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Handbook of Research on Techno-Entrepreneurship, Second Edition

Handbook of Research on Techno-Entrepreneurship, Second Edition

How Technology and Entrepreneurship are Shaping the Development of Industries and Companies

Elgar original reference

Edited by François Thérin

Techno-entrepreneurship is broadly defined as the entrepreneurial and intrapreneurial activities of both existing and nascent companies operating in technology-intensive environments. This second edition examines the latest trends in techno-entrepreneurship.

Chapter 13: The role of the technology transfer office in promoting university-industry collaboration

Ciara Fitzgerald, Margaret Ledwith and Rory O’Shea

Subjects: business and management, entrepreneurship, organisational innovation, innovation and technology, organisational innovation, technology and ict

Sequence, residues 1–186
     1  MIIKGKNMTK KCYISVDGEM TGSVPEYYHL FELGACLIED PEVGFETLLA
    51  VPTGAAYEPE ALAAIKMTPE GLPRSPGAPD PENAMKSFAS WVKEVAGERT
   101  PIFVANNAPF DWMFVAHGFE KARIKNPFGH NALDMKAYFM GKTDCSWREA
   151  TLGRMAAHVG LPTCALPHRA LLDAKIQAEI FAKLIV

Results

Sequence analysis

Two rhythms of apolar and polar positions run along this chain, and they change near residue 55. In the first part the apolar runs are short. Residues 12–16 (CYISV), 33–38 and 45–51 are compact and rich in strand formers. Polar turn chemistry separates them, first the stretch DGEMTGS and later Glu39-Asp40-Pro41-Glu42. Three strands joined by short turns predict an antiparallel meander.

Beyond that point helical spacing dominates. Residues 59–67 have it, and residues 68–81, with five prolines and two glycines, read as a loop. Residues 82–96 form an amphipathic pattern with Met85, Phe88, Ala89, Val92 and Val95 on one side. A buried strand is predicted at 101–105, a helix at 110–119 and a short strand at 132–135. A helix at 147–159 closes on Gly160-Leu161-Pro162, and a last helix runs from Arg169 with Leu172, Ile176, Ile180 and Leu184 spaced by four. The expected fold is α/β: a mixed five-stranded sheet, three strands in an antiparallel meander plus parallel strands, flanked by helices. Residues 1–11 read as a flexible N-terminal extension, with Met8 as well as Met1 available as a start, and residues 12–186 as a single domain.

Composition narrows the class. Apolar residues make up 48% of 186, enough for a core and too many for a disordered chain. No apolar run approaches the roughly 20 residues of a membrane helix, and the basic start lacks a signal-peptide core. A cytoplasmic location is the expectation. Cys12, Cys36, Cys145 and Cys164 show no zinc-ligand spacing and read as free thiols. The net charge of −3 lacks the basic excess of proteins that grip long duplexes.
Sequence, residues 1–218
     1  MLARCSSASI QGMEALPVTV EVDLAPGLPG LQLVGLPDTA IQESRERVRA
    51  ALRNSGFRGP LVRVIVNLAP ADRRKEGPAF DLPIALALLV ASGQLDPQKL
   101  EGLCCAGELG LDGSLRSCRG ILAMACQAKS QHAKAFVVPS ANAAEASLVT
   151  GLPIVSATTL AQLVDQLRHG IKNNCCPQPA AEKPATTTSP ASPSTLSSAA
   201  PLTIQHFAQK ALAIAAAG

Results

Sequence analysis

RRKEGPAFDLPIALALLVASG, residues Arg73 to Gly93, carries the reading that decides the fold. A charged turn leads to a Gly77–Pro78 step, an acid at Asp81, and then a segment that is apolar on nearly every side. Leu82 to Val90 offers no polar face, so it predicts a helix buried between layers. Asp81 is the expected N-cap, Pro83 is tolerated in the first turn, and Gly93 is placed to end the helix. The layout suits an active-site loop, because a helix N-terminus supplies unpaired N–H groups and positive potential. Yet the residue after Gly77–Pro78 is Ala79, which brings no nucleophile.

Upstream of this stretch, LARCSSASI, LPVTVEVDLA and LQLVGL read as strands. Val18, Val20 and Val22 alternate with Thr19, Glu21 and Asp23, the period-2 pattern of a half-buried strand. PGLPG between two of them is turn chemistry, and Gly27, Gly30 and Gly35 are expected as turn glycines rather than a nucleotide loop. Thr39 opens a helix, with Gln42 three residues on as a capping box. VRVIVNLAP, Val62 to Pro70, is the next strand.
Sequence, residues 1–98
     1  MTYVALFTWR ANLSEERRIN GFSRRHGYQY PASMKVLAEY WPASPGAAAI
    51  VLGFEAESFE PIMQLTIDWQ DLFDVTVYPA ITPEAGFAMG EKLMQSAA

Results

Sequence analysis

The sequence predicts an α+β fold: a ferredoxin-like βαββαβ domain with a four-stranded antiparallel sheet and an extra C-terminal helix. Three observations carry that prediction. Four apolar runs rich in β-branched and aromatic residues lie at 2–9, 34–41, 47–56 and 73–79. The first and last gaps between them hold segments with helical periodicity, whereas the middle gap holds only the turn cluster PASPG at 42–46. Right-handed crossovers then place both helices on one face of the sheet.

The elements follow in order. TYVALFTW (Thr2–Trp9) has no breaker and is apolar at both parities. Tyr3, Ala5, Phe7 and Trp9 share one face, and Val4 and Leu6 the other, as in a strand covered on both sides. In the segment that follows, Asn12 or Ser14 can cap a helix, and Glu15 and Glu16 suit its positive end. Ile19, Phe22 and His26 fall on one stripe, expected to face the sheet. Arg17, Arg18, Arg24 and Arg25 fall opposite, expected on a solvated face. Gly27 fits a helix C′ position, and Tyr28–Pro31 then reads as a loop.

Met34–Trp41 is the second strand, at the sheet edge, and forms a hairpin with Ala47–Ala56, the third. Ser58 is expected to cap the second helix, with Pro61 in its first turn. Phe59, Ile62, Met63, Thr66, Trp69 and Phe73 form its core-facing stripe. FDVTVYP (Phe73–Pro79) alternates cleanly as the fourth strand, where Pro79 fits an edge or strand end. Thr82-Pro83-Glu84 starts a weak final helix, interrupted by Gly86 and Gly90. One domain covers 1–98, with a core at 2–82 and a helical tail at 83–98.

Since the introduction of the Bayh-Dole Act (1980), the issue of university-industry collaboration has been the focus of increasing attention amongst policy-makers and academics in the United States. The literature pertaining to university-industry collaboration is extensive and pertains to a range of formal and informal interactions and practices between actors in the academic and industrial arenas. Upon investigation, university-industry collaboration emerges as a complex field of enquiry, involving a diverse web of formal and informal processes, mechanisms and outputs, impacted by a mix of national, institutional, organizational and individual contexts, objectives and dynamics. Additionally, scholarly contributions to the study of university-industry collaboration have their origins in a diverse range of academic disciplines including management, economics, sociology and anthropology. Hence, the field of university-industry collaboration is a complex kaleidoscope providing a rich environment for study. However, while the general topic of technology transfer has a distinctive contemporary relevance and importance, there is a need for clearer and deeper consideration of its theoretical antecedents. Therefore, the chapter proceeds by reviewing the literature on the key actor in the technology transfer process, the technology transfer office (TTO), to deliver an understanding and appreciation of the competing schools of thought. The TTO can be rationalized as an ëideological and market-driven form of academic capitalismí but that is only one small understanding, and not one that is actually very helpful for public policy objectives.

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